Last February regal remains were found buried beneath the not so regal location of a car park in Leicester. The remains were that of King Richard III. The discovery was made 527 years after his death at the battle of Bosworth Field.
The University of Leicester were granted a licence by the Ministry of Justice in order to exhume and rebury the remains before 31 August 2014. The licence permitted the body to be buried at Leicester Cathedral or at an alternative burial ground in Leicester. However, a number of distant relatives of the late King have been granted permission to seek judicial review of the decision to bury the King in Leicester.
Why is there a Judicial Review?
Judicial Review is a legal doctrine whereby a judge can review the lawfulness of a decision or action made by a public body. Judicial review seeks to review the manner in which a decision has been made. In this case, the lawfulness of the decision to bury King Richard III in Leicester is at issue, as his relatives seek an alternative burial fit for a King.
The discovery of a King in such circumstances is without precedent in English Law. Justice Haddon-Cave granted the judicial review but warned against the parties engaging in an undignified legal tussle.
The judge held that at common law there was a duty to consult widely as to where the regal remains should be laid to rest. The judge held that the Government should have consulted a wide range of individuals and groups, including: living descendants, civic and ecclesiastical bodies, the Queen and UK citizens who have a special interest in where a former King of England should be buried.
It was also held that the King's own wishes, in so far as they can be ascertained or inferred, ought to be taken into account.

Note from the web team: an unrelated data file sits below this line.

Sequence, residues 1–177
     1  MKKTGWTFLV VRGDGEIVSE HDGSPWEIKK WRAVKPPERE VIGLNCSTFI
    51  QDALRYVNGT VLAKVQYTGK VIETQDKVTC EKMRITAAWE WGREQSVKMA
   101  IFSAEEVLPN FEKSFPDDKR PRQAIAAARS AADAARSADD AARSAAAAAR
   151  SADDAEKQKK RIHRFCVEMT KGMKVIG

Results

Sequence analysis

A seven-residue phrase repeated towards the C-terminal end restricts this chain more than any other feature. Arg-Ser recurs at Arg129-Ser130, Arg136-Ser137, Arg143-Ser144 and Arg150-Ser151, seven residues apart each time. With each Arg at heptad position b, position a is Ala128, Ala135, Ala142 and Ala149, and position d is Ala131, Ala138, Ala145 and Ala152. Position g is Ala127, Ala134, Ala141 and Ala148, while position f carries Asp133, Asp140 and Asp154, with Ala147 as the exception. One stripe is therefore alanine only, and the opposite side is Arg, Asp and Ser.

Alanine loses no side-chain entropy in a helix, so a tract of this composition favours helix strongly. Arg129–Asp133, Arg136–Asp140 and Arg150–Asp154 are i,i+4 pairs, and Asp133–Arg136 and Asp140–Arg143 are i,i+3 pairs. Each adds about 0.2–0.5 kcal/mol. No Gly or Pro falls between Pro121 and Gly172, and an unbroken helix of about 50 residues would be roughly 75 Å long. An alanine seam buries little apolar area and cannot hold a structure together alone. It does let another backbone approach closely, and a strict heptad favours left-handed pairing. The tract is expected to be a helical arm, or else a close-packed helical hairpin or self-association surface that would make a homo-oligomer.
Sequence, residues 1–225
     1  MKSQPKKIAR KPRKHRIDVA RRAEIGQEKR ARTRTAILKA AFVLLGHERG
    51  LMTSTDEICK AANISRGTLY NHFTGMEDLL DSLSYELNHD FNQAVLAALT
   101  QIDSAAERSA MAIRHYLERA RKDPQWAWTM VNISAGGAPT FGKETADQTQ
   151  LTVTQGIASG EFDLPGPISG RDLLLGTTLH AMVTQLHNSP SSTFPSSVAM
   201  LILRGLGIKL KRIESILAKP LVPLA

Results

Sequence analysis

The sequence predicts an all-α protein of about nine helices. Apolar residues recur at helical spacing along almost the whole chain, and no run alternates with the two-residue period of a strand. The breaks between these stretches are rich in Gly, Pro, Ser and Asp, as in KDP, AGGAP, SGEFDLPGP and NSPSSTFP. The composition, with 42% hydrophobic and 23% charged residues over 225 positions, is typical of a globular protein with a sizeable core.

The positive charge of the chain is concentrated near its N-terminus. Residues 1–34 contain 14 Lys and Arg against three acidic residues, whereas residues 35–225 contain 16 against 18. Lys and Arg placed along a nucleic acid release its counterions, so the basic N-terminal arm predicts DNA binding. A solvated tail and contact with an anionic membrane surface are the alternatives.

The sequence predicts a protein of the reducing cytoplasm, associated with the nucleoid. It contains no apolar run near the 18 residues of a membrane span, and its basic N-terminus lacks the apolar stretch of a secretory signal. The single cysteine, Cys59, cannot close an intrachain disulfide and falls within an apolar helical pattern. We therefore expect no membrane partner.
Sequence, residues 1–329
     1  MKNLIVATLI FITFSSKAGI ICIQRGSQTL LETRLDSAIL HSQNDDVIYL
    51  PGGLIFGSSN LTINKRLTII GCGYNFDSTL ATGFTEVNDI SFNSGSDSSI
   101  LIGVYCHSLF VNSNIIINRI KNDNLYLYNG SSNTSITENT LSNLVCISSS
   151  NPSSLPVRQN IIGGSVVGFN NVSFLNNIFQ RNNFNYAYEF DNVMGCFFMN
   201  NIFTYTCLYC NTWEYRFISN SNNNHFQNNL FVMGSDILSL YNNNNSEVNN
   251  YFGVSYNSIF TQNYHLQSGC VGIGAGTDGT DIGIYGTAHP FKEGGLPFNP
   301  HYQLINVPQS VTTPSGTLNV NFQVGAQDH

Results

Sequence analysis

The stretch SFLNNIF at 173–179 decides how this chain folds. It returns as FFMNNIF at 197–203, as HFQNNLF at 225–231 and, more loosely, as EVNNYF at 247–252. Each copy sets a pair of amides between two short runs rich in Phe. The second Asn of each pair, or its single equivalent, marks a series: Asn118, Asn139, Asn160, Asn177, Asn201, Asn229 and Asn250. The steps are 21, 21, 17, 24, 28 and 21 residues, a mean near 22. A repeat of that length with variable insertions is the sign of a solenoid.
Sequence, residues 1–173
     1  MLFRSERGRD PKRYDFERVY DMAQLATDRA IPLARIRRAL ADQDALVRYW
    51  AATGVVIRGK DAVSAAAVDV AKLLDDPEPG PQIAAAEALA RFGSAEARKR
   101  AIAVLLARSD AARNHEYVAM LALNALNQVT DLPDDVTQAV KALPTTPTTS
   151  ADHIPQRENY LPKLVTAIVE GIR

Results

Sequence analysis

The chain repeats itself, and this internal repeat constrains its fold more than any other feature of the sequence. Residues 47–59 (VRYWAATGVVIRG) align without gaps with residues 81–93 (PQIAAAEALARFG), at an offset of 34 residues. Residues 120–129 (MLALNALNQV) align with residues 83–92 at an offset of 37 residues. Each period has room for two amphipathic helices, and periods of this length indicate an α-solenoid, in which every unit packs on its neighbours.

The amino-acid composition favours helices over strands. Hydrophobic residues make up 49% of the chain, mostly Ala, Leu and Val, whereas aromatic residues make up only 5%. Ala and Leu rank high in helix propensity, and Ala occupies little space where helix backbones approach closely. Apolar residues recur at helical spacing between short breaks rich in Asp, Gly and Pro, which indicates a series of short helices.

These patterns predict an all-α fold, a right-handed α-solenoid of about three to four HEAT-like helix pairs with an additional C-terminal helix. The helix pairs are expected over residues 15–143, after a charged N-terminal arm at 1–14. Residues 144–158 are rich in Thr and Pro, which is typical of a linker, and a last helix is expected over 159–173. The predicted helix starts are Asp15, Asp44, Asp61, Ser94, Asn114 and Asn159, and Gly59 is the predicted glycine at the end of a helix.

The judge also acknowledged the economic interests that need to be considered such as tourism.
The Wishes of the Deceased
The case raises an interesting point regarding the wishes of the deceased in relation to their body after death. Legally the decision is not bound by the wishes of the deceased King.
Under English law there is no property in a body, therefore King Richard III's relatives cannot legally claim any rights over his body. The executors of the King's will have a right to possession of his body and a duty to dispose of it how they so wish. Therefore the disposal of the body is not bound by either the King's wishes or that of his relatives.
Since it has been over 500 years since the King's death, the executors of the King's will are unlikely to be around to make the decision about his burial. The likely outcome is that the reasonable wishes of relatives, the King's own wishes and the place with which he was associated with will be taken into account.
It is estimated that 20 generations later possibly as many as 17 million people may have one of King Richard's relatives in their family tree, therefore it will also be likely that the Court will take into account the wishes of the public as well as the Queen.